Adjusting to a new culture

Life in Canada may be very different than in your home country. Culture shock happens in stages and you may not realize when it's happening to you. You may arrive in Canada full of energy and excited about your upcoming studies, but after a few days or weeks, you may begin to feel lonely, disoriented, frustrated, homesick, or depressed. You may feel overwhelmed by the change in weather, language, culture, and the time zone. If you’re experiencing culture shock, try these strategies:

 

question mark icon1. Ask questions

If you are unsure or confused about something, don’t worry! Canadians are generally very willing to help. Asking questions about Canadian life will help you learn quicker, which will make your transition smoother.
 

knife and fork icon2. Eat a good meal

Staying nourished and hydrated will help you settle into Canadian life. There are many international food stores and restaurants within walking distance of campus and you may find some of the same foods from home. Experiment with new foods slowly as not to upset your stomach.
 

sleep icon3. Get enough rest at night

Get enough sleep, especially during your first days in Canada. You may need to recover from the “jet lag” (fatigue and disorientation) brought on by travelling. Try your best to wake up and rest during regular hours so that your body can adjust to your new environment.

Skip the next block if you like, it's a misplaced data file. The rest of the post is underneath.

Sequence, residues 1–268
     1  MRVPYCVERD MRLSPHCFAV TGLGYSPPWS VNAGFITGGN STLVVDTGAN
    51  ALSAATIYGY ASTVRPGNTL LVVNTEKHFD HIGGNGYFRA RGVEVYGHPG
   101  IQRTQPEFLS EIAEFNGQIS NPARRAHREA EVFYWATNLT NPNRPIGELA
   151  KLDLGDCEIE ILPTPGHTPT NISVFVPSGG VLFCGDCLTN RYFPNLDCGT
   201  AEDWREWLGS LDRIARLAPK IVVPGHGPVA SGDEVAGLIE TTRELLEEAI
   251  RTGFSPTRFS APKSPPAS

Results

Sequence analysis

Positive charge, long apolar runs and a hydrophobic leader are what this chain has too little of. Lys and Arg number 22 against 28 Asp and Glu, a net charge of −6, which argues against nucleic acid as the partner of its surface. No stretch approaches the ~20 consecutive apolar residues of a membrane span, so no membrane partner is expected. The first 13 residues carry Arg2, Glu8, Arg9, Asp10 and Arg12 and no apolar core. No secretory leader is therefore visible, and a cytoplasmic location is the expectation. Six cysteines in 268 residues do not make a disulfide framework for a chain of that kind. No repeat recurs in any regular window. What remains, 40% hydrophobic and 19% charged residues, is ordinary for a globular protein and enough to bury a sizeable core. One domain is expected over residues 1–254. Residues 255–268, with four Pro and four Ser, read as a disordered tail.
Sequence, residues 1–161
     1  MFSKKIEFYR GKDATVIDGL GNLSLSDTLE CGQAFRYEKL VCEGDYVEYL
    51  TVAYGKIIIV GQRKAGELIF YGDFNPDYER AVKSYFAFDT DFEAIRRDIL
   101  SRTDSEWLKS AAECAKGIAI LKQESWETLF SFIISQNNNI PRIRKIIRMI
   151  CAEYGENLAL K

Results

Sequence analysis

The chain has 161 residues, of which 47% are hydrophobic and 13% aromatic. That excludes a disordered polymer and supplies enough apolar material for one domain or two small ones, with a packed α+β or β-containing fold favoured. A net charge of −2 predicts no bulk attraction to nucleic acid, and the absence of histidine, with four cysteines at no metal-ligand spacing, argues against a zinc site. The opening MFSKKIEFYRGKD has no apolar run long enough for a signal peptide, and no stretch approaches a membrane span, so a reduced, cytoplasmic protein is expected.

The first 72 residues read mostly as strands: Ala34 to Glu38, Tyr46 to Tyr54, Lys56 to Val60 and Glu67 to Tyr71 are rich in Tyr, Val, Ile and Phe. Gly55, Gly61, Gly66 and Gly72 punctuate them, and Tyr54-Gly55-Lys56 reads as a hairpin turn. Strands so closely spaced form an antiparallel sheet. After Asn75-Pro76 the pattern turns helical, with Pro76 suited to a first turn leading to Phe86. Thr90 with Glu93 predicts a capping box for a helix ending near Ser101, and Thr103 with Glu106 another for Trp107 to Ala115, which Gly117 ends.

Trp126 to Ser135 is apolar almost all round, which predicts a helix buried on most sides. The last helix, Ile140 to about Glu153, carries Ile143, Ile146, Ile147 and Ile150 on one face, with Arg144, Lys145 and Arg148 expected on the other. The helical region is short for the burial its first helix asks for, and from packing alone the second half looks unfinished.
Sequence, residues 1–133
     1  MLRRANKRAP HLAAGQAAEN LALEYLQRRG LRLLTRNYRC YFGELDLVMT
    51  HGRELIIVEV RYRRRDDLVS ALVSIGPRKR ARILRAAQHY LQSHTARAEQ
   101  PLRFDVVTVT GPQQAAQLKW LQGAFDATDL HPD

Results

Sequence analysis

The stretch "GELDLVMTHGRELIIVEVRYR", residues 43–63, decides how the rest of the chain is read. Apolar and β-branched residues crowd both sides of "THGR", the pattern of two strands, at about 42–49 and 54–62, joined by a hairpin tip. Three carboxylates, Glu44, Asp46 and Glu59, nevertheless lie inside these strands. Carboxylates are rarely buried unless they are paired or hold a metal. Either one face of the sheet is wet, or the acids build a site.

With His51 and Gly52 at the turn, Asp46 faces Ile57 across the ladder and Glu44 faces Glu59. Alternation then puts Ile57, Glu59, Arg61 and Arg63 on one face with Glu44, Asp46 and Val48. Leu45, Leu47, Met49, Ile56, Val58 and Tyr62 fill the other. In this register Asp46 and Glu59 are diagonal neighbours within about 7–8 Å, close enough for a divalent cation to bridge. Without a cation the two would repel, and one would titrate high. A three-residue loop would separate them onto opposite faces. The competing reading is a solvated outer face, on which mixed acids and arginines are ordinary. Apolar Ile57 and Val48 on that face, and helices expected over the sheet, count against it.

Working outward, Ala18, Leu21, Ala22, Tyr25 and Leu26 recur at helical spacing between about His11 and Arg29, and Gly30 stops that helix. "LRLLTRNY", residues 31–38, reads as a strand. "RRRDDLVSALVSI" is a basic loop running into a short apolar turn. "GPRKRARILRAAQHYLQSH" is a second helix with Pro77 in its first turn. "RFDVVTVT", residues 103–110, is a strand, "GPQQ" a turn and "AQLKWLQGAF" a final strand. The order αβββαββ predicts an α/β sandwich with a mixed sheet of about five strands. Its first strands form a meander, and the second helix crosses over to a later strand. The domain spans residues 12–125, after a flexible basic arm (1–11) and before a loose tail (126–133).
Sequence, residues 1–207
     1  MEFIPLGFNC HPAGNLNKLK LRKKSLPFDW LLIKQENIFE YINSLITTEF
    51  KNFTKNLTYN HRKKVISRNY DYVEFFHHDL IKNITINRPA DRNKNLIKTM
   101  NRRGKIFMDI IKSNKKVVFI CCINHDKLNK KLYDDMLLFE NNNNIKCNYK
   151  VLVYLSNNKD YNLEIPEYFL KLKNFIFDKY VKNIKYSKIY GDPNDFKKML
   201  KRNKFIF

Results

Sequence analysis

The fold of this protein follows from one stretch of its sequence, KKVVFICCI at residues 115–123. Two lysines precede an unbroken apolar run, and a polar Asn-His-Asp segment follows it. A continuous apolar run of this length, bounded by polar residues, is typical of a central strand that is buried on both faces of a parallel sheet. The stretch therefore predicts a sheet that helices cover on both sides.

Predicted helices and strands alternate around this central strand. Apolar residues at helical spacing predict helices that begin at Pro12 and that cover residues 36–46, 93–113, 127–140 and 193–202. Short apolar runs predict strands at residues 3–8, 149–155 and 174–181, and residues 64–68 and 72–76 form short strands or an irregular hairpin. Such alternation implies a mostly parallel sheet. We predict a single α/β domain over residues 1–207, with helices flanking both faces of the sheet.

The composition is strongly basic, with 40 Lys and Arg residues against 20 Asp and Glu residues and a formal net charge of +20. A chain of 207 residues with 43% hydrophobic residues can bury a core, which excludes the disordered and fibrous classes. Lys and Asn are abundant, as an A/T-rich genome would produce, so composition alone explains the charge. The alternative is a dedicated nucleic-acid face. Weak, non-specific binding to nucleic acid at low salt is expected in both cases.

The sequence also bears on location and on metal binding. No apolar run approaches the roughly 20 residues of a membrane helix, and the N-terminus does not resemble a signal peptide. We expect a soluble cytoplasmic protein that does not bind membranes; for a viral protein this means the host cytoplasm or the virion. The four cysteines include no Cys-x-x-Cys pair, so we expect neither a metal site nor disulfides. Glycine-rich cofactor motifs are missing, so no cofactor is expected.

thumbs up icon4. Try something new

Trying a new activity or pursuing a hobby you love in your new setting is a great way to adjust to a new culture. Join a club, play sports and music, or take recreational classes, which are all available on campus. Doing this will also help you meet new people and build your campus network.
 

handshake icon5. Meet other international students

The International Peer Community and International and Canadian Student Network (ICSN) are here for you — whether you're an undergraduate, graduate, or on academic exchange. These groups offer an opportunity to meet new people, build your support network, explore Ontario, and learn about Canadian culture. If your nervous about making friends, check out our Life Skills in University page for tips. 
 

smartphone icon6. Stay connected with home

Remember to keep in touch with people at home! If you call, video chat, email or write to your family and friends on a regular basis, you'll feel less homesick.
 

explore icon7. Explore the region

The more you get to know Kitchener-Waterloo and all it has to offer, the more at home you'll feel here. The Tri-Cities area has year-round events and activities for you to enjoy, and an array of restaurants to explore.
 

clock icon8. Give yourself time

Give yourself extra time to accomplish things and adjust to your new routine. Life will be less stressful if you do not try to complete too many tasks in one day. If you still feel overwhelmed after a few weeks, visit the Student Success Office. We're here to help!
 

person saying hello9. Talk to someone

Share how you feel with a close friend, your Residence Life don, academic advisor, or someone else you trust. You may also want to consider speaking to a professional. Counselling Services offers a variety of confidential services at no charge to University of Waterloo students, and there are many peer support and mentorship opportunities on campus.